A love triangle, destiny, and a wager between gods – all of that and more is in The Book of Life. The film, directed by Jorge Gutierrez, is an all encompassing love letter to Mexico and the Dia de Los Muertos holiday. The story is brought to vibrant life through breathtaking animation.
The story unfolds in a museum, as a group of trouble making kids gets a special tour apart from the rest of their class. They learn about Manolo, Maria, and Joaquin, three friends who live in Mexico. They meet them on a very special night. The three are at the cemetery with their families, honoring the dead. Manolo’s family gathers at the grave of his beloved mother, while Joaquin is alone at the monument of his great warrior father.
Manolo and Joaquin both have crushes on feisty Maria. Two gods of the dead, La Muerte (Kate del Castillo) and Xibalba (Ron Perlman) are watching the three. They make a bet on which boy will win Maria’s heart.
La Muerte chooses Manolo and Xibalba chooses Joaquin. Whoever wins will rule the land of the living, currently La Muerte’s domain, while the loser will be relegated to the Land of the Dead. Xibalba, unbeknownst to La Muerte, gives a medal to Joaquin that will ensure his immortality. The boy gleefully accepts.
Some time later, Maria is sent away to Spain to live in the convent by her father, since her behavior is not ladylike. There’s a tearful goodbye between the three friends. Maria tells Joaquin to always fight for what’s right, while she gifts a guitar to Manolo, telling him to always play from the heart.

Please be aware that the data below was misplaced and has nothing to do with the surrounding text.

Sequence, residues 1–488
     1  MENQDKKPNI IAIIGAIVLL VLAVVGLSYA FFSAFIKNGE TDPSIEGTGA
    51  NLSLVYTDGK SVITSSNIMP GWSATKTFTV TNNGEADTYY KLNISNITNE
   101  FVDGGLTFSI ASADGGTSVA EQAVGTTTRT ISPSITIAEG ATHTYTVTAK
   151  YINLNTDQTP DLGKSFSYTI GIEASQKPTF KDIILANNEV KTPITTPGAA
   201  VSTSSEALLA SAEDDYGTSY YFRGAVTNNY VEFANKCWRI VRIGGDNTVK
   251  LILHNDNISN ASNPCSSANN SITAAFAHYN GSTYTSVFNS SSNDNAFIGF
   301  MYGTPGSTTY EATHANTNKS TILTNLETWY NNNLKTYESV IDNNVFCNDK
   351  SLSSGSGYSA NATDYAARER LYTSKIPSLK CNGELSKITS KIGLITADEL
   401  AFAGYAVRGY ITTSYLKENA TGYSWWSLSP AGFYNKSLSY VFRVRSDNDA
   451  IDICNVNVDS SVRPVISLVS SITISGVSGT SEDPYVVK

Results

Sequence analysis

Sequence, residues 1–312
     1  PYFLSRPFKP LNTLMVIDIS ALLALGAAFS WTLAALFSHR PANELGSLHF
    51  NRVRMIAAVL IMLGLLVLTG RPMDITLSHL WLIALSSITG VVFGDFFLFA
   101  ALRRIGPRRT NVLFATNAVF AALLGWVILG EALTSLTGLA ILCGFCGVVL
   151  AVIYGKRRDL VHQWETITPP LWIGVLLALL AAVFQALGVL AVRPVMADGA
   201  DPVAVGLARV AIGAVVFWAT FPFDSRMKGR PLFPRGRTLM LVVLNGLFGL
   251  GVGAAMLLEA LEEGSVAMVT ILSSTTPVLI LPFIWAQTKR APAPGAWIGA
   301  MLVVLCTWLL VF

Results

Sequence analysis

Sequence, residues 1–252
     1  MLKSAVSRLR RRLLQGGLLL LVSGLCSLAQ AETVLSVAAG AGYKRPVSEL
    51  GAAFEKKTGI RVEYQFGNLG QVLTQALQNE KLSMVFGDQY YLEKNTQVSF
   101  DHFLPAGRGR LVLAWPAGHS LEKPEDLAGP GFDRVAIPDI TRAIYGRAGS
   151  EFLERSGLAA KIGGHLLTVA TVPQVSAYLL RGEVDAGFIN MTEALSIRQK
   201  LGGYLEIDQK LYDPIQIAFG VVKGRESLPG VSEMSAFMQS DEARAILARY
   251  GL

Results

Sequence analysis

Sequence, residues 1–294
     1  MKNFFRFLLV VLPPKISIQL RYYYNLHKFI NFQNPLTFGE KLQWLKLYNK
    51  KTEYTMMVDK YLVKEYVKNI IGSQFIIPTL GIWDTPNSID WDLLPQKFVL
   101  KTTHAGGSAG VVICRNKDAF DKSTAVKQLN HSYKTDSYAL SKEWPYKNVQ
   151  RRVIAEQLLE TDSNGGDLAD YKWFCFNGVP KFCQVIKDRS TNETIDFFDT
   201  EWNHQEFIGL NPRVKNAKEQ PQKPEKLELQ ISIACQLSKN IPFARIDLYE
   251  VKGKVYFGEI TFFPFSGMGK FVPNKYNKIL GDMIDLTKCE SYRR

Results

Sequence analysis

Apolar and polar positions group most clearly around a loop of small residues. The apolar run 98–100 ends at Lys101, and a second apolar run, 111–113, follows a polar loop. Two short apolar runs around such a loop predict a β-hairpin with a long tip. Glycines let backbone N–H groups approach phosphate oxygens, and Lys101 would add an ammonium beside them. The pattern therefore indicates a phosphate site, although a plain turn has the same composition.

As the years go by, Joaquin (Channing Tatum) becomes a fearless warrior, thanks to Xibalba’s medal. Manolo (Diego Luna) continues to nurse his musical ambitions, all while his father pressures him to follow the family tradition of bull fighting. When the two young men are reunited, it’s noted that they both are standing in some looming shadows. Joaquin has returned to their town on the day Manolo is to face his first bull, and Maria (Zoe Saldana) will be returning from the convent as well.
Manolo is unable to kill the bull, much to the consternation of his father. While the crowd taunts him, Maria beams with pride. And now the competition for her affection begins in earnest between Joaquin and Manolo. Maria’s father favors Joaquin, but she is coy about who she will choose. When Xibalba sees that he’s going to lose the bet, he devises a plan to send Manolo to the underworld. Now he must journey back, with the help of his departed family members, to be with Maria.
The Book of Life is alive with splendor. The artwork and unique designs play a significant role in this, but the story and characters are just as striking. Joaquin is cocksure but ultimately a sympathetic character who cares for his friends. Maria is smart, independent, and compassionate. She knows just what she wants. Even though it’s clear from a mile off that she and Manolo belong together, she doesn’t immediately fall into his arms. He has to work for her love. And then there’s Manolo. Too often, the theme of a character choosing their own dreams over family expectations can become trite. Here, Manolo chooses compassion and empathy, healing the years long conflict of his family’s bloody legacy. For a male character to reject dominance over nature and brazen masculinity is something we could use more of in stories.
Jorge Gutierrez rejected a familiar narrative as well. Mexicans and Latinos have not received noteworthy representation in Hollywood. Even oafish, irresponsible politicians parrot offensive stereotypes, reducing an entire group of people to mere criminals. But Gutierrez pushed back. He made art, heroes and heroines to counter those poor images. Reject those narratives and write your own stories.
“Anyone can die. Those kids will know how to live.”
May all stories live with the same intensity and color.